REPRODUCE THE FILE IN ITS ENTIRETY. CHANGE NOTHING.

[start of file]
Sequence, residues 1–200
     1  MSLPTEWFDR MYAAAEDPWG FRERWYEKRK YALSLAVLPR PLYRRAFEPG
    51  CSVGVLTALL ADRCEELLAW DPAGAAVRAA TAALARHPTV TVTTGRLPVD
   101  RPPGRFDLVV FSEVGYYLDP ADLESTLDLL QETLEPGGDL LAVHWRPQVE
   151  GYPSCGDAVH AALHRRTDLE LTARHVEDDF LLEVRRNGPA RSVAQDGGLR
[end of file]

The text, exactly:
Sequence, residues 1–200
     1  MSLPTEWFDR MYAAAEDPWG FRERWYEKRK YALSLAVLPR PLYRRAFEPG
    51  CSVGVLTALL ADRCEELLAW DPAGAAVRAA TAALARHPTV TVTTGRLPVD
   101  RPPGRFDLVV FSEVGYYLDP ADLESTLDLL QETLEPGGDL LAVHWRPQVE
   151  GYPSCGDAVH AALHRRTDLE LTARHVEDDF LLEVRRNGPA RSVAQDGGLR